The person(s) named in the policy to receive the life insurance proceeds upon the death of the insured.
Cash (Surrender) Value
The amount that is available in cash for loans and that may be available for withdrawals. Accessing Cash Surrender Value may reduce the death benefit and may increase the risk of lapse.
Convertible Term Insurance
Term insurance which can be exchanged (converted), at the option of the policyowner and without evidence of insurability, for a permanent insurance policy.
A return of part of the premium on participating insurance that is based on the insurer's investment, mortality, and expense experience. Dividends are not guaranteed.
The amount stated on the face of the policy that will be paid in case of death. It does not include additional amounts payable under accidental death or other special provisions, or acquired through the application of policy dividends.
Acceptability to the company of an applicant for insurance.
Insured or Insured Life
The person on whose life the policy is issued.
Level Premium (Term Insurance)
Life insurance for which the premium remains the same from year to year. The premium is normally more than the actual cost of protection during the earlier years of the policy and less than the actual cost in the later years. The building of a reserve is a natural result of level premiums. The payments in the early years, together with the interest that is to be earned, serves to balance out the underpayment of the later years.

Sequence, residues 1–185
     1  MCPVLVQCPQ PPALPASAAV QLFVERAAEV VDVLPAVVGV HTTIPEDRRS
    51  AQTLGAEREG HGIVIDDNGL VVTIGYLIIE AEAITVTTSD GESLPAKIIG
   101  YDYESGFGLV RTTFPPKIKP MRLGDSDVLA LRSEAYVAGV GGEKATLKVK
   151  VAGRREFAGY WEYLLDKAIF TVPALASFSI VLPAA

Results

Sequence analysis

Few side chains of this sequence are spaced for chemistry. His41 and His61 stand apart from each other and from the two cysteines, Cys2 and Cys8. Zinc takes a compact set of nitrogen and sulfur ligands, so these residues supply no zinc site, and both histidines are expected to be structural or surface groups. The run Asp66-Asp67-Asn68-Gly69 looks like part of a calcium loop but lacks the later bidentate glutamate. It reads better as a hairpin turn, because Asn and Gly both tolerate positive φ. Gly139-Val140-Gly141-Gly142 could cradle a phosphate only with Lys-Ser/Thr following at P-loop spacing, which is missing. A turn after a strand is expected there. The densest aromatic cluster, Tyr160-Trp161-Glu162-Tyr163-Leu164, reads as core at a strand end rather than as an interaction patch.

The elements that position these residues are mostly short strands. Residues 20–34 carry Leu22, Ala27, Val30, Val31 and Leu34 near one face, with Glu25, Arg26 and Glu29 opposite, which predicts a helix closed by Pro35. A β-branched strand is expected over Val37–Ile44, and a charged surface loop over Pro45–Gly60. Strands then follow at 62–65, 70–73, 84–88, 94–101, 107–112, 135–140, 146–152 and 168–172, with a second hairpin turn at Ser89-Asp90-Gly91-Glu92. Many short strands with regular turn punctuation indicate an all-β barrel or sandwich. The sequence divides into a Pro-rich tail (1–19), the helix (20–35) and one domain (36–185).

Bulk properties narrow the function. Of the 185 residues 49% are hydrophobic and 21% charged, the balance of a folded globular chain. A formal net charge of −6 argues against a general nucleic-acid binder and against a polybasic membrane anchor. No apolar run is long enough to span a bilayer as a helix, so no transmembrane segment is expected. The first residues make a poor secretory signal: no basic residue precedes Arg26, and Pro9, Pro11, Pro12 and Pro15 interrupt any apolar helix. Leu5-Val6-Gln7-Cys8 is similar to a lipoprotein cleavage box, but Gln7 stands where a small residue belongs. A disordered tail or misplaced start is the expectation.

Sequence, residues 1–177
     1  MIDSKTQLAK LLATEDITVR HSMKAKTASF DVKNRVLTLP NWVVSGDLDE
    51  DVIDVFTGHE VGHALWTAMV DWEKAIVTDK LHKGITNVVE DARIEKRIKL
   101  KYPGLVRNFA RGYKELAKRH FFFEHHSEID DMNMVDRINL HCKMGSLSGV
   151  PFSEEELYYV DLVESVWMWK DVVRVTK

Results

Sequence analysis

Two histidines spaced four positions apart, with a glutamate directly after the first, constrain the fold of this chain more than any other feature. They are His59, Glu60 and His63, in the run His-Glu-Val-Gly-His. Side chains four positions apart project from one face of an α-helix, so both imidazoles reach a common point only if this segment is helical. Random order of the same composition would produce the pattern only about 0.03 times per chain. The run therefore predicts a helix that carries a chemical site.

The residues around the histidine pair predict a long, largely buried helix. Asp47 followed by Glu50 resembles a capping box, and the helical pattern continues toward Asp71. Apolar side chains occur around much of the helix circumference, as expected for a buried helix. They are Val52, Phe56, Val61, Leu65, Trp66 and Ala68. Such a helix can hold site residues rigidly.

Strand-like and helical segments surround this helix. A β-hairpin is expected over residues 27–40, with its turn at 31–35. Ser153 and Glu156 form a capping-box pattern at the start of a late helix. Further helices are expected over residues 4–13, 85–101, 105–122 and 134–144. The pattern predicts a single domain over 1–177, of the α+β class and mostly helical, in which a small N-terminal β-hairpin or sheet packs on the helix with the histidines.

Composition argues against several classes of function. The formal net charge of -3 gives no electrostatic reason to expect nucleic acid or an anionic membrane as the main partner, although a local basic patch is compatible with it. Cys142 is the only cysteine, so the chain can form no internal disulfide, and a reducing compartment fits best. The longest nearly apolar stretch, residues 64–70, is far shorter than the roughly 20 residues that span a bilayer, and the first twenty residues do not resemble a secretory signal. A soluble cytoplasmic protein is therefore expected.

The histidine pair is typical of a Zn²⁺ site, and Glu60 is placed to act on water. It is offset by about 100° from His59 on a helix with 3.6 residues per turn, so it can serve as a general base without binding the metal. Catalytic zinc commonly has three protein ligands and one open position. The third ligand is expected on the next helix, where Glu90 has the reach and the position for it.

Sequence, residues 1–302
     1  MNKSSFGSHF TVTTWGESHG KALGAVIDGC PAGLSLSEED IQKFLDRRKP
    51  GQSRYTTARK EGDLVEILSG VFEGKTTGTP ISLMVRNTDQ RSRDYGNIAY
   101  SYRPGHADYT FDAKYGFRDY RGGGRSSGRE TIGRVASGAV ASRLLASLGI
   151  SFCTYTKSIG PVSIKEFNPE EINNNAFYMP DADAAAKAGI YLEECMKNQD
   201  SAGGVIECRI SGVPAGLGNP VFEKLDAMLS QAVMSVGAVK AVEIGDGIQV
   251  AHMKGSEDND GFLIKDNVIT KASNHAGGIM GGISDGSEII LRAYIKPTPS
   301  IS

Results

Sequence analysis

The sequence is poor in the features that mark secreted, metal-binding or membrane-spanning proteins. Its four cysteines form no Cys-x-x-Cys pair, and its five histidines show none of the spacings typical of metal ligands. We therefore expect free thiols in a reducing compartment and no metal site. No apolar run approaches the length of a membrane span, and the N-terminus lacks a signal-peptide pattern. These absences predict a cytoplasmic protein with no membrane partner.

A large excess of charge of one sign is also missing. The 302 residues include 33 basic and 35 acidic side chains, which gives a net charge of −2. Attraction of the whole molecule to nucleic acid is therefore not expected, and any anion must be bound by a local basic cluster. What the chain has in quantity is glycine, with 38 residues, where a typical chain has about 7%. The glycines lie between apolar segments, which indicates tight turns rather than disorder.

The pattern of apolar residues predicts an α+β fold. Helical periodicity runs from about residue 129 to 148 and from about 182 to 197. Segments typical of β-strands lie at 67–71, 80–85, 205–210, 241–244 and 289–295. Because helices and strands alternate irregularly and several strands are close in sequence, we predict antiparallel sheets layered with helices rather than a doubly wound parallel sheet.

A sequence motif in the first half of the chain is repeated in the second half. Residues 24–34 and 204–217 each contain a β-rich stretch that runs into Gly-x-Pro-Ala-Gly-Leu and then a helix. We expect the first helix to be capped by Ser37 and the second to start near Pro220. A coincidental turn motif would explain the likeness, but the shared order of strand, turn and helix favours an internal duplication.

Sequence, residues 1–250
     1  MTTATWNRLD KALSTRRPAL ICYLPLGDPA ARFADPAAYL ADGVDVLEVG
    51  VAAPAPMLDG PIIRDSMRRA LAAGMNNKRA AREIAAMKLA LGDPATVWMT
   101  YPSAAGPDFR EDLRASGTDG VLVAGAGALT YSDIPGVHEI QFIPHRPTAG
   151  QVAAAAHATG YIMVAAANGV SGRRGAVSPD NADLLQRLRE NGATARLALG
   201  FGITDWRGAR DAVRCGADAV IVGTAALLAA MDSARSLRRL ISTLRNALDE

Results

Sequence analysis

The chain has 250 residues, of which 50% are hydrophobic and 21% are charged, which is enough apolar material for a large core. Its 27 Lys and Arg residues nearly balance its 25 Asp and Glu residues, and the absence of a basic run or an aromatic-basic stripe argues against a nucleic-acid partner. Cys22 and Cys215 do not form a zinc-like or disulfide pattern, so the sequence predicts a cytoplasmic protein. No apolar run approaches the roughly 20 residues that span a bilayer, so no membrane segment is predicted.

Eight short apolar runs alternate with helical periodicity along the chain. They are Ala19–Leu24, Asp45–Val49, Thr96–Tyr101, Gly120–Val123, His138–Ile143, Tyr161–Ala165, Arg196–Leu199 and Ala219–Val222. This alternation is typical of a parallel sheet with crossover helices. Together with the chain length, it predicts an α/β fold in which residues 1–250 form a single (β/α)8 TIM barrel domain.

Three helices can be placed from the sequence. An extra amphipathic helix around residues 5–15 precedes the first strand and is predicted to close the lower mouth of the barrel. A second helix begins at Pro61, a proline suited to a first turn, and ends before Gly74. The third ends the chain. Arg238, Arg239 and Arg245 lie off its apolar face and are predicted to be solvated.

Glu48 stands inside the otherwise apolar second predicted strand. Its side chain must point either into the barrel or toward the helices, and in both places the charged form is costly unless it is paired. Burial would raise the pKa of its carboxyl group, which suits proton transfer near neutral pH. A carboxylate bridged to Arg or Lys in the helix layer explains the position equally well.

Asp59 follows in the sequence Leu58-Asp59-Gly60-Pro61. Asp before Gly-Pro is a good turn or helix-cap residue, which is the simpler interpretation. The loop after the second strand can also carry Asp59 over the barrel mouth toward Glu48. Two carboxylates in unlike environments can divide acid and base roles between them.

Loan (Policy Loan)
A loan made by a life insurance company from its general funds to a policyowner on the security of the cash value of a policy.
Insurance that will remain in force with no need to pay additional premiums.
A life insurance policy that is eligible for the payment of dividends by the insurer (see also Dividend.)
Permanent (Term Insurance)
Any form of life insurance except term; generally insurance that builds up a cash value, such as whole life.
The person who owns a life insurance policy. This is usually the insured person, but it may also be a relative of the insured, a partnership or a corporation.
Payments to the insurance company to buy a policy and to keep it in force.
Renewable Term Insurance
Term insurance which can be renewed at the end of the term, at the option of the policyowner and without evidence of insurability, for a limited number of successive terms. The rates generally increase at each renewal as the age of the insured increases.
Life insurance that does not build up cash value and where the premium normally increases as the insured gets older.
Universal Term Insurance
A flexible premium life insurance policy under which the policyowner may change the death benefit from time to time (with satisfactory evidence of insurability for increases) and vary the amount or timing of premium payments. Premiums (less expense charges) are credited to a policy account from which mortality charges are deducted and to which interest is credited at rates which may change from time to time.
Whole Term Insurance
A basic type of permanent life insurance which can provide lifetime protection at a level premium. Premiums must generally be paid for as long as the policy is in force.